ROCHESTER, NY -- While Vice President Dick Cheney spoke to supporters inside the Riverside Convention Center in downtown Rochester today, more than 300 sign-carrying, chanting protesters rallied outside the center, expressing their opposition to the U.S. presence in Iraq.
“I feel absolute anger over what’s happening in Iraq,” said Jessie Nimeh of Webster, who was at the protest with her two young sons. “Cheney is here at $1,000-a-plate while soldiers are dying.”
Most of the protesters had gathered first at Washington Square Park to walk the three blocks to the convention center on a gray, raw day. As they walked they chanted, “Bush and Cheney have to go. We won’t fight for Texaco,” and other anti-administration slogans.
Khury Peterson-Smith, 21, of Rochester chants with the crowd in front of Rochester Riverside Convention Center today, in a protest against Vice President Dick Cheney. Cheney was in town for a $1,000-a-plate re-election campaign fundraiser. (Photo/DANESE KENON)
Downtown office workers and people waiting for buses at East Main Street and South Clinton Avenue watched in silence as the demonstrators went by.
Nearer the convention center, one man rebuked the demonstrators, saying, “You’re a Nazi, go back to Berlin,” over and over. Asked to give his name, he said, “It doesn’t matter.”
By the time the majority of the crowd had reached the convention center, Cheney was already inside.
Sister Grace Miller, a veteran of anti-war demonstrations, had gotten to the center early enough to see Cheney’s motorcade come by on Saint Paul Street.
“The crowd should have been bigger,” she said. “They should have been here when he came.”
Miller said she was there because of what Cheney represents and because of the way President Bush is handling the situation in Iraq.
Many of the people in the crowd found the Republican fund-raising luncheon at which Cheney spoke to be inappropriate, given social concerns in Rochester and the United States.
“They’re taking money from the poor,” said Rodney Mouzon of Rochester.
Gail Mott of Pittsford had a sign which said that the $1,000 tab for each lunch could feed a family of four for 347 days. She said that she had gotten the formula for computing this figure from Foodlink, the clearing house for donated food in this area.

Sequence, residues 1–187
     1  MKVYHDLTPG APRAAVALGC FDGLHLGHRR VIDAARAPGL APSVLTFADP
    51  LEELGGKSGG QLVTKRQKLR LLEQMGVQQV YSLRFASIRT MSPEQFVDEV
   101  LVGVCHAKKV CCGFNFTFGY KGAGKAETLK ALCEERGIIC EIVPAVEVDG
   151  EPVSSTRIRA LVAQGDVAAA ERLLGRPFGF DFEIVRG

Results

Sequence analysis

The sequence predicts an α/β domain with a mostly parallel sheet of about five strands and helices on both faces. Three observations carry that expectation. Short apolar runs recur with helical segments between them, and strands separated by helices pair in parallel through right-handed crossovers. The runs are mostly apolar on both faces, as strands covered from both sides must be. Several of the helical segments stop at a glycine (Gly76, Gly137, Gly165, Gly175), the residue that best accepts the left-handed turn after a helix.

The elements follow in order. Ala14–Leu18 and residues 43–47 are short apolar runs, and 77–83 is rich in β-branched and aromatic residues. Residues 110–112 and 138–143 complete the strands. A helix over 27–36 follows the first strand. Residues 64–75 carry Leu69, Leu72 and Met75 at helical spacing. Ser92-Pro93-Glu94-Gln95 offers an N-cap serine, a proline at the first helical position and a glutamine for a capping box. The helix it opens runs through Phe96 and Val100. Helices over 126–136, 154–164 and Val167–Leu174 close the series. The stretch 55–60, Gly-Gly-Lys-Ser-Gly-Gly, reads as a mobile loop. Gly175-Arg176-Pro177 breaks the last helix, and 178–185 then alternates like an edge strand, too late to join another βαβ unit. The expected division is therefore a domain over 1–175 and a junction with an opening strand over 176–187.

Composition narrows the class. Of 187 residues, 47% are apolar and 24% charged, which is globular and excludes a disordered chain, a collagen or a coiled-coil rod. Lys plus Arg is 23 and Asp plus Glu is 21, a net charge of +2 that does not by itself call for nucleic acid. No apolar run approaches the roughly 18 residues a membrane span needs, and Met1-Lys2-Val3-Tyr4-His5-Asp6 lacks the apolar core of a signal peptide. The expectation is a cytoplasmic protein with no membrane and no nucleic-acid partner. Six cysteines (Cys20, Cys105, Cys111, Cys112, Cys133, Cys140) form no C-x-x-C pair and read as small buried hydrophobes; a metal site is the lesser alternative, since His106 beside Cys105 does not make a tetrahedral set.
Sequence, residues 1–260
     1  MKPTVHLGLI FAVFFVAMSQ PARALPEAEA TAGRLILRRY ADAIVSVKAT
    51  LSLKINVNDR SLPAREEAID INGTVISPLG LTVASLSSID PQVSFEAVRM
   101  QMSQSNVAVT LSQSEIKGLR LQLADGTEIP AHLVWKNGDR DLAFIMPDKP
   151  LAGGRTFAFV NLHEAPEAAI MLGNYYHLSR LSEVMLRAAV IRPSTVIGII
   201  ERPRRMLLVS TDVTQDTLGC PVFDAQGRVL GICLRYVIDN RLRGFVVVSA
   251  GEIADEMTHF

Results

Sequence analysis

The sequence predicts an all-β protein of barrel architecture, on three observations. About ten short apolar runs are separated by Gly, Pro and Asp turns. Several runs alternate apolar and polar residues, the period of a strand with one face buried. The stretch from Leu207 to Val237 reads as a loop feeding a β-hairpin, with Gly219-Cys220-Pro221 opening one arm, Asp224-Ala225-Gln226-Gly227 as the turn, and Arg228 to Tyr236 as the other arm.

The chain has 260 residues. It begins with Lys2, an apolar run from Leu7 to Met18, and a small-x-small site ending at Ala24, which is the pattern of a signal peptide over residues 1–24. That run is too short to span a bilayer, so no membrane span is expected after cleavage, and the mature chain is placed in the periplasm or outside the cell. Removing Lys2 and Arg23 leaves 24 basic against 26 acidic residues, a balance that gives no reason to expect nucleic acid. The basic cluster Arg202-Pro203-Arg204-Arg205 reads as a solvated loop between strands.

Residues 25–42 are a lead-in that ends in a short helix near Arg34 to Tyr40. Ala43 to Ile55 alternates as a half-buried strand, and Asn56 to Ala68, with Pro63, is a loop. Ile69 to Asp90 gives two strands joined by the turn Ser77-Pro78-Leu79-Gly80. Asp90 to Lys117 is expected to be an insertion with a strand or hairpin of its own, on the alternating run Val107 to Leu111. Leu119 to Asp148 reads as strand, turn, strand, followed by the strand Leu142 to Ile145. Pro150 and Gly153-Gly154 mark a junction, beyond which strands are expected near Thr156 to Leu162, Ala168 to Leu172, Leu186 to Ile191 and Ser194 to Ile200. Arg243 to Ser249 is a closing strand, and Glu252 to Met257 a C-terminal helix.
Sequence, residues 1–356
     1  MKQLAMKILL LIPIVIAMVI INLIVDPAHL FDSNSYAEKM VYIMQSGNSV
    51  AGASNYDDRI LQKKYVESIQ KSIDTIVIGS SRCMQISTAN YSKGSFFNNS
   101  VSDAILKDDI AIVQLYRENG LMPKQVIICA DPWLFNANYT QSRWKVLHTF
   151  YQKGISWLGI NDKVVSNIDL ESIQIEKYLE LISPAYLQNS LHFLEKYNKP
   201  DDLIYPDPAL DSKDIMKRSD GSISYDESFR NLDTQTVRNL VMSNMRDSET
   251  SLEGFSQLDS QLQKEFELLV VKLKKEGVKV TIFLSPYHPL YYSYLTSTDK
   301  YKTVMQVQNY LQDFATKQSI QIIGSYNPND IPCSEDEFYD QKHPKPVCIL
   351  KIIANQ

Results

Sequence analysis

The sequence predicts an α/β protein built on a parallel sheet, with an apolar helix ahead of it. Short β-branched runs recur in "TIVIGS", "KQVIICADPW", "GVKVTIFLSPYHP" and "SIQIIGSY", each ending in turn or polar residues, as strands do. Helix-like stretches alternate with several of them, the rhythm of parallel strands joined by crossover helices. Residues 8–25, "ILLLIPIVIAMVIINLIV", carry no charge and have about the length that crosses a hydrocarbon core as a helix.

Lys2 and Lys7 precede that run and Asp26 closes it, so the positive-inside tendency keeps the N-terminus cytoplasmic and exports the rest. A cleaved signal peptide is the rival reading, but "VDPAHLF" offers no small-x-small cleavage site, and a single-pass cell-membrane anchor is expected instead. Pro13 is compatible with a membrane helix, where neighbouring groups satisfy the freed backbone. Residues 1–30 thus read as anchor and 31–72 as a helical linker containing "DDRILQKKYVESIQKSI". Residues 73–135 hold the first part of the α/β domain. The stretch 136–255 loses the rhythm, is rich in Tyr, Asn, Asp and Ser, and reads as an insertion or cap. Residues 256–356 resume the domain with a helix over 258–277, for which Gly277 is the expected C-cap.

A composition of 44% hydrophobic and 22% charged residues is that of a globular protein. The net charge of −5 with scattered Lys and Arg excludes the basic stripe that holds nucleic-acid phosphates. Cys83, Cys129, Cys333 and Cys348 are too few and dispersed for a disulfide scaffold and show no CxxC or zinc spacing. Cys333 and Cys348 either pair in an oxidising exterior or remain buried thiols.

There were police along the route of the protest march and outside the convention center. There were no incidents.
Metro Justice, the group which organized the protest, and the Rochester City Police Department had met before today to work out the details of the event.
“It’s important that everybody has a chance to express their Constitutional Rights -- the people on the inside at the luncheon, and the people on the outside,” said Police Chief Robert Duffy as he watched the demonstration. “There’s been no problems, no concerns. Everyone is getting to participate. ... Our job is to stay neutral.”
“The police department is to be commended for keeping everything safe and orderly,” said Jon Greenbaum, an organizer for Metro Justice.
Cheney was swinging through western New York on Monday, eating meals in Syracuse, Rochester and Buffalo, hoping to generate $1 million for the re-election of President Bush. The vice president’s visit is indicative of the Bush-Cheney campaign’s fundraising ability. The campaign has raised more than $90 million, compared with $25 million for Howard Dean, the top fund-raiser of the nine candidates for the Democratic presidential nomination. Bush’s campaign, in fact, is already closing in on the record raised for a presidential campaign - which it set in 2000 by raising $101 million. For the re-election bid in 2004, Bush plans to raise at least $170 million.
Copyright 2003 Rochester Democrat and Chronicle.